According to commutative property

16 + 20 = 20 + 16

36 = 36

**2. Commutativity of Multiplication**

8 × 2 = 16

2 × 8 = 16

Thus, 8 × 2 = 2 × 8

This is the commutative property of multiplication, in which the result remains the same even if we interchange the numbers.

a × b = b × a

Here, a and b are different variables.

**Example**

18 ×12 = 216, 12 ×18 = 216

Thus, 18 × 12 = 12 × 18

**3. Distributivity of Numbers**

6 × 32

It is a complex sum but there is an easy way to solve it. It is known as the **distributivity of multiplication over the addition of numbers.**

6 × (30 + 2)

= 180 + 12

= 192

Thus, 6 × 32 = 192

A × (b + c) = a × b + a × c

Here, a, b and c are different variables.

**4. Associativity of Addition**

This property states that the result of the numbers added will remain same regardless of their grouping.

(a + b) + c = a + (b + c)

**Example**

(4 + 2) + 7 = 4 + (2 + 7)

6 + 7 = 4 + 9

13 = 13

### Expressions

Arithmetic expressions may use numbers and all operations like addition, subtraction, multiplication and division

**Example**

2 + (9 – 3), (4 × 6) – 8 etc…

(4 × 6) – 8 = 24 – 8

= 16

Expressions with variable

We can make expressions using variables like

2m, 5 + t etc…..

An expression containing variable/s cannot be analyzed until its value is given.

**Example**

Find 3x – 12 if x = 6

**Solution**

(3 × 6) – 12

= 18 – 12

= 5

Thus,

3x – 12 = 5

### Formation of Expressions

Statement | Expression |

y subtracted from 12 | 12 – y |

x multiplied by 6 | 6x |

t Multiplied by 4, and then subtract 5 from the product. | 4t – 5 |

### Practical use of Expressions

**Example**

3 boys go to the theatre. The cost of the ticket and popcorn is $33 and $15 respectively. What is the cost per person?

**Solution**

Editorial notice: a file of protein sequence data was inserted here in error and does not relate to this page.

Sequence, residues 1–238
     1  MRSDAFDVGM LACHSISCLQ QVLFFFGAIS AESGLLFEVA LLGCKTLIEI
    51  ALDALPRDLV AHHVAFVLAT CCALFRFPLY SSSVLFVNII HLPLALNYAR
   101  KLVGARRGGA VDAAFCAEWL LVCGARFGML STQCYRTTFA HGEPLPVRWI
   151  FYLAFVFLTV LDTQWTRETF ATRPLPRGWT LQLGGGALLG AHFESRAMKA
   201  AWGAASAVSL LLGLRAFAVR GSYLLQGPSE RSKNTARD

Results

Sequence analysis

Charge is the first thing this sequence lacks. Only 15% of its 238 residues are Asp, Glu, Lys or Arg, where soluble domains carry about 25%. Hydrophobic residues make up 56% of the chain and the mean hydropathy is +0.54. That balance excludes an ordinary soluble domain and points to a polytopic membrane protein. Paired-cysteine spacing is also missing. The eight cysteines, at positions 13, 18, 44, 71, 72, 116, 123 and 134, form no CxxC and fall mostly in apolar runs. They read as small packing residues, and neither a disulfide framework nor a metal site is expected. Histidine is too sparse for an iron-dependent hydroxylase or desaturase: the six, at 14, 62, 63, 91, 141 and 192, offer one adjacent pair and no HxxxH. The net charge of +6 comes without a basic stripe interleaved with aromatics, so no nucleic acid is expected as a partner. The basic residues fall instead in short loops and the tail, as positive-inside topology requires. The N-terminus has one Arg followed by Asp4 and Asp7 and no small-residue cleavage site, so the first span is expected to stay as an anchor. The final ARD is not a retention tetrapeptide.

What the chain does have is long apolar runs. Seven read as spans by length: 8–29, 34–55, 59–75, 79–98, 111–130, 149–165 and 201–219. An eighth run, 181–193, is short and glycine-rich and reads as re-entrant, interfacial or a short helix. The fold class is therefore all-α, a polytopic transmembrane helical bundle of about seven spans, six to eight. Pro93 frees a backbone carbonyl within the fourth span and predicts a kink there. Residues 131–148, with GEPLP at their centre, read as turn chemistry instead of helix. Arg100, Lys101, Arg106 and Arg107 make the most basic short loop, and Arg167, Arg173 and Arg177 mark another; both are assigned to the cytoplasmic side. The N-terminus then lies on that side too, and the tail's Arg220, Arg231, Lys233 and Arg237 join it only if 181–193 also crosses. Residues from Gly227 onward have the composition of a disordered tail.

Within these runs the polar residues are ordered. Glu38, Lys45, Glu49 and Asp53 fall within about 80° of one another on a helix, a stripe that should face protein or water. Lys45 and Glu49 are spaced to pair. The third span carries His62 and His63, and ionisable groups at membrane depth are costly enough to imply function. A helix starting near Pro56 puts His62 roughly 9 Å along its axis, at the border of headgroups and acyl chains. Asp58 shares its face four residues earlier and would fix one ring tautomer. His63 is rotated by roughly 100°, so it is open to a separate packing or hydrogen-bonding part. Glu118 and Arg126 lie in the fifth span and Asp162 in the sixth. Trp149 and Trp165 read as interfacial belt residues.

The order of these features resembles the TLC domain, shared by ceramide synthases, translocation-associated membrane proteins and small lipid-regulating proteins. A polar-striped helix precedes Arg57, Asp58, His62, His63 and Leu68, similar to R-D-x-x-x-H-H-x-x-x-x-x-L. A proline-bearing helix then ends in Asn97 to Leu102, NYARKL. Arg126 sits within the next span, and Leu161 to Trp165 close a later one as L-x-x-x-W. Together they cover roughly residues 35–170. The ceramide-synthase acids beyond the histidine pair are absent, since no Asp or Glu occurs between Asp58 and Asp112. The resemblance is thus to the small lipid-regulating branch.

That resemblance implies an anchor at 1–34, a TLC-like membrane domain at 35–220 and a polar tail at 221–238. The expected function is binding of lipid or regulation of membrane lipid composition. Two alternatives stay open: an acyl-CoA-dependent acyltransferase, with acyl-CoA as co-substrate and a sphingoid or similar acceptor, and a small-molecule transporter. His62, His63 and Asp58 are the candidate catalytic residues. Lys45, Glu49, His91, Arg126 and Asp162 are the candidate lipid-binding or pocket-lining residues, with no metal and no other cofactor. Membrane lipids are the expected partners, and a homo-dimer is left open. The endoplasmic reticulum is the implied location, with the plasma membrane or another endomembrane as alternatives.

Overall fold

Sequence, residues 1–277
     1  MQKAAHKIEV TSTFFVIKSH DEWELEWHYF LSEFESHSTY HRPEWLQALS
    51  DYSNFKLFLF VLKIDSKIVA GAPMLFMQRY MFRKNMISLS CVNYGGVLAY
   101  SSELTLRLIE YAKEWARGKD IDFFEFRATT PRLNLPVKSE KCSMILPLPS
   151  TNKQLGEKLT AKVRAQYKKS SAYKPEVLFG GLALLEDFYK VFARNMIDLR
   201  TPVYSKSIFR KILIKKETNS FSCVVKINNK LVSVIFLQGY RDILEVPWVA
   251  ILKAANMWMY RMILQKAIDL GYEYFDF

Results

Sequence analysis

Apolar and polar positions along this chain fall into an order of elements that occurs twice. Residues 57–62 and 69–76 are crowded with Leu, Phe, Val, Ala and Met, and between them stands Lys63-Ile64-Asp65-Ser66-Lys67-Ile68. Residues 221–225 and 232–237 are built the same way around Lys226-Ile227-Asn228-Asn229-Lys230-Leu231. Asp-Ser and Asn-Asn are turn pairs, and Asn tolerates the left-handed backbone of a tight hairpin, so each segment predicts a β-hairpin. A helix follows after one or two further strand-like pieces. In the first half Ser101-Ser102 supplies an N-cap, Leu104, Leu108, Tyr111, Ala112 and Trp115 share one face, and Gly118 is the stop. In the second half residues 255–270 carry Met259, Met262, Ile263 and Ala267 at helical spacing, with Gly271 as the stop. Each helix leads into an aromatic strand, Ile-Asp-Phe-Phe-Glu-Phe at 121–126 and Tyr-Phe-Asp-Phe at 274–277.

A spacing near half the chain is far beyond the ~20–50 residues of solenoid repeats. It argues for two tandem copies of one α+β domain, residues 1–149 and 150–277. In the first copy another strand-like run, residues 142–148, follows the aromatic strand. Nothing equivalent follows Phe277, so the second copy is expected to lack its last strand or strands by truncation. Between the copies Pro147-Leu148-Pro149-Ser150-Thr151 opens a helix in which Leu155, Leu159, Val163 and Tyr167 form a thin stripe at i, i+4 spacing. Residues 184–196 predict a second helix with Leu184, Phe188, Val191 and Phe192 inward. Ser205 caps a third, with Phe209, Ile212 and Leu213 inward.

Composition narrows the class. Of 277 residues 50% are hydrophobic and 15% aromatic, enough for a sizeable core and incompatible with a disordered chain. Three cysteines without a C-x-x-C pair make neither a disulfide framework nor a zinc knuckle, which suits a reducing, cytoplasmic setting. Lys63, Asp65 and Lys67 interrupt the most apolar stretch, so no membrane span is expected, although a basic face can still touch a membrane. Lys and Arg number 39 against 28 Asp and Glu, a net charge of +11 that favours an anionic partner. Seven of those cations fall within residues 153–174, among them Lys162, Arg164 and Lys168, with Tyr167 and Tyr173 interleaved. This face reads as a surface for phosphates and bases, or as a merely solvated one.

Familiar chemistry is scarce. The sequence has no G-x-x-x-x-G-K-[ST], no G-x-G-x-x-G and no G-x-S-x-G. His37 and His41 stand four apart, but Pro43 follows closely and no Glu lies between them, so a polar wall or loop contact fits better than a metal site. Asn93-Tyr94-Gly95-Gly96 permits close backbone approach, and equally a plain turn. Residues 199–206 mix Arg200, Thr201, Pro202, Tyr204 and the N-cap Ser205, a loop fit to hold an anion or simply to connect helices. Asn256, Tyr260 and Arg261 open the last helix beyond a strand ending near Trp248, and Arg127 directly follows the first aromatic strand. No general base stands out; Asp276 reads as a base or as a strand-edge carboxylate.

Let’s say,

x = cost of ticket per person

y = cost of popcorn/person

Total cost of the movie (ticket + popcorn) per person = x + y

Total cost of ticket + popcorn for 3 boys = 3(x + y)

= 3 (33 + 15)

= 3 (48)

= 144

Hence the total cost of movie ticket and popcorn for 3 boys is $144.

### Equation

If we use the equal sign between two expressions then they form an equation.

An equation satisfies only for a particular value of the variable.

The equal sign says that the LHS is equal to the RHS and the value of a variable which makes them equal is the only solution of that equation.

**Example**

3 + 2x = 13

5m – 7 = 3

p/6 = 18

If there is the greater then or less than sign instead of the equal sign then that statement is not an equation.

Some examples which are not an equation

23 + 6x > 8

6f – 3 < 24

### The Solution of an Equation

The value of the variable which satisfies the equation is the solution to that equation. To check whether the particular value is the solution or not, we have to check that the LHS must be equal to the RHS with that value of the variable.

**Trial and Error Method**

To find the solution of the equation, we use the trial and error method.

**Example**

Find the value of x in the equation 25 – x = 15.

**Solution**

Here we have to check for some values which we feel can be the solution by putting the value of the variable x and check for LHS = RHS.

Let’s take x = 5

25 – 5 = 15

20 ≠ 15

So x = 5 is not the solution of that equation.

Let’s take x = 10

25 – 10 = 15

15 = 15

LHS = RHS

Hence, x = 10 is the solution of that equation.